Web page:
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Pain medicine trainee resources

I’ve put together the following documents to help trainees in pain medicine improve their clinical skills, reflect on their own practice and develop evaluative judgement. Observing another doctor seeing a new patient Observing another doctor seeing a review patient Listening skills Empathy part 1 (podcast) Empathy part 2 (podcast) Empathy part 3 (podcast) History taking […]

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Featured

The recruitment process – Getting your resume and cover letter in order

Your resume and cover letter get you an interview. Your resume basically tells your potential employer why they should hire you. Your CV tells them why you’ve chosen them. Make sure that the resume: a) does not have any spelling or grammatical errors (this shows attention to detail) b) is succinct and to-the-point (people don’t […]

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Impact of an Opioid Safety Initiative on Patients Undergoing Total Knee Arthroplasty: A Time Series Analysis.

If there were any doubt about the importance of a comprehensive opioid stewardship program, this study dispels it. The program, outlined in reference 1 has 18 recommendations and I agree wholly with them. Specifically, they recommended AGAINST prescribing long-acting opioids for acute pain, which is consistent with the ANZCA/FPM guidelines. Proportions of patients with chronic […]

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Flipped classroom – Opioid tapering

Please have a listen to this podcast on opioid tapering. It’s recorded by NPR in a conversation with Dr Travis Rieder, a “philosopher by training” and a “bioethicist profession” at Johns Hopkins. He speaks from an informed position of both chronic pain and addiction. The transcript of the podcast is available here. As you’re listening to […]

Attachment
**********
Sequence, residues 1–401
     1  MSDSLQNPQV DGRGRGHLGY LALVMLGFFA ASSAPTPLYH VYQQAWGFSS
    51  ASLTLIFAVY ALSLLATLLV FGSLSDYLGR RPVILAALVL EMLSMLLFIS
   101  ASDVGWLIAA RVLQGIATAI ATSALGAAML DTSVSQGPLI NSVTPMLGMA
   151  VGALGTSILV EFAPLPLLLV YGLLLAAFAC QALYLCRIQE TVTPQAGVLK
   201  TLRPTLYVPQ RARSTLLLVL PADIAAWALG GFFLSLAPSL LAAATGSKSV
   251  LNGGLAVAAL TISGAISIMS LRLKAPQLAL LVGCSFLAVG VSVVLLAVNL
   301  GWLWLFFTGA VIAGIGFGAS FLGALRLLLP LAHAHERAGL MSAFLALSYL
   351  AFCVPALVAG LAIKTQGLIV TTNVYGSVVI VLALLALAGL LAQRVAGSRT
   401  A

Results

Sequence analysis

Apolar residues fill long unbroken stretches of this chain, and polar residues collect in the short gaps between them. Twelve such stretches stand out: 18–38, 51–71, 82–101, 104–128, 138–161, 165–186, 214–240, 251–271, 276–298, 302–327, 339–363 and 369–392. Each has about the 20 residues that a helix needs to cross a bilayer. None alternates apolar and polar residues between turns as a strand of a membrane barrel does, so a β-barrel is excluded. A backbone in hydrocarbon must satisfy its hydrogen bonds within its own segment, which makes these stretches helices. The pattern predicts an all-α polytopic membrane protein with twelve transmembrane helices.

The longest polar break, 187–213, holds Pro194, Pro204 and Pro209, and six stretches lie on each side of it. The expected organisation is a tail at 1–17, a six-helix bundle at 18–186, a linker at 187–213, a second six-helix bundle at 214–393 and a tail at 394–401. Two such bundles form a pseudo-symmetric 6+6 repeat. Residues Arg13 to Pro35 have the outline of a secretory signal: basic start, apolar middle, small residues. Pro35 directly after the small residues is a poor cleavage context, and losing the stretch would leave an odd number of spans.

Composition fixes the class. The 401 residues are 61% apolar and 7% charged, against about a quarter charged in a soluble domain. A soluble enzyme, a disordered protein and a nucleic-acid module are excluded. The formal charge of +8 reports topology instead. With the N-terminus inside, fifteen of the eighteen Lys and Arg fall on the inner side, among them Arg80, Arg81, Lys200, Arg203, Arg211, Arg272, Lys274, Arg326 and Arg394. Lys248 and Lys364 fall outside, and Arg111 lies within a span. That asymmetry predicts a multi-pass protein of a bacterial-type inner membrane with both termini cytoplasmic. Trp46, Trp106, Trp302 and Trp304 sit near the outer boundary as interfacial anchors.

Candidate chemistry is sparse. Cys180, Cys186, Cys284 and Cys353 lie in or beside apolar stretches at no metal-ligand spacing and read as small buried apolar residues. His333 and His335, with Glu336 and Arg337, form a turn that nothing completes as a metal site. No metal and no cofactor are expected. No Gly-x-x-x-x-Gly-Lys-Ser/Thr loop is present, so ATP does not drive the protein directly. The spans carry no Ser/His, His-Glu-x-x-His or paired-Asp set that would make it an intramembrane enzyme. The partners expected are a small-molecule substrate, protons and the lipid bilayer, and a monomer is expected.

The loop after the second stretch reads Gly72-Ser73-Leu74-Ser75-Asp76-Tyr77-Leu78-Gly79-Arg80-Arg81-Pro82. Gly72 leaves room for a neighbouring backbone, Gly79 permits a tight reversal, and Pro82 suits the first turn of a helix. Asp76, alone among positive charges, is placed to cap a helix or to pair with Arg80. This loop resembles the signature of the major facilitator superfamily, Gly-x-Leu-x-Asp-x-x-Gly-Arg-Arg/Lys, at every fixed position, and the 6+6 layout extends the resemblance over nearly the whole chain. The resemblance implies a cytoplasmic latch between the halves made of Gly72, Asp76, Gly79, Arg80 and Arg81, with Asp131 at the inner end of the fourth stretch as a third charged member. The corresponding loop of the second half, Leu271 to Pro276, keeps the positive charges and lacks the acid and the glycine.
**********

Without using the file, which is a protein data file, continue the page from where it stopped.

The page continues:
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Feedback – Do you have to be aware that you’ve contributed to someone’s death to change your practice?

So I stumbled across this article as I was clearing out my email. It interests me for a number of reasons: It highlights the importance of audit and feedback in our ongoing learning as clinicians It shows that with a little bit of feedback, we can change our ways. The intervention was simply a letter […]

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Flipped classroom – Substance use disorders

https://iview.abc.net.au/show/you-can-t-ask-that/series/4/video/LE1817H006S00 Questions to consider: Did you learn anything about substance use disorders when watching the video? If so, what did you learn? Do you think there are common themes between alcohol and opioid use disorders? If so, what do you think the two disorders have in common? Did you learn anything that you could potentially […]

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On the problem with HR

I felt this article in the Atlantic was worthy of a blog post. I picked up on it from the twitter feed of one of my favourite speakers, Adam Grant. (You should listen to his Work Life podcast by TED.com if you haven’t already, and as an aside, I first heard Adam when listening to […]

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Lyrica (pregabalin), linked to addiction and suicide

https://www.theage.com.au/national/victoria/this-popular-drug-is-linked-to-addiction-and-suicide-why-do-doctors-keep-prescribing-it-20181129-p50j1x.html This has got into the popular press, and I’m glad it has. Pharmacotherapy, in my opinion, is used far too commonly in modern medicine where a quick consultation and a prescription are rewarded over a good consultation and no prescription. I myself was so surprised when I saw this BBC documentary. Add link What […]

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1. Illusion of explanatory depth – we overestimate what we really know. Rebecca Lawson. Our brains are not designed to be knowledge banks Our brains were designed for action and reasoning. Diagnostic reasoning = ability to recognise what happened yesterday causing today. Reasoning from effect to cause is harder than cause to effect. Stories help […]

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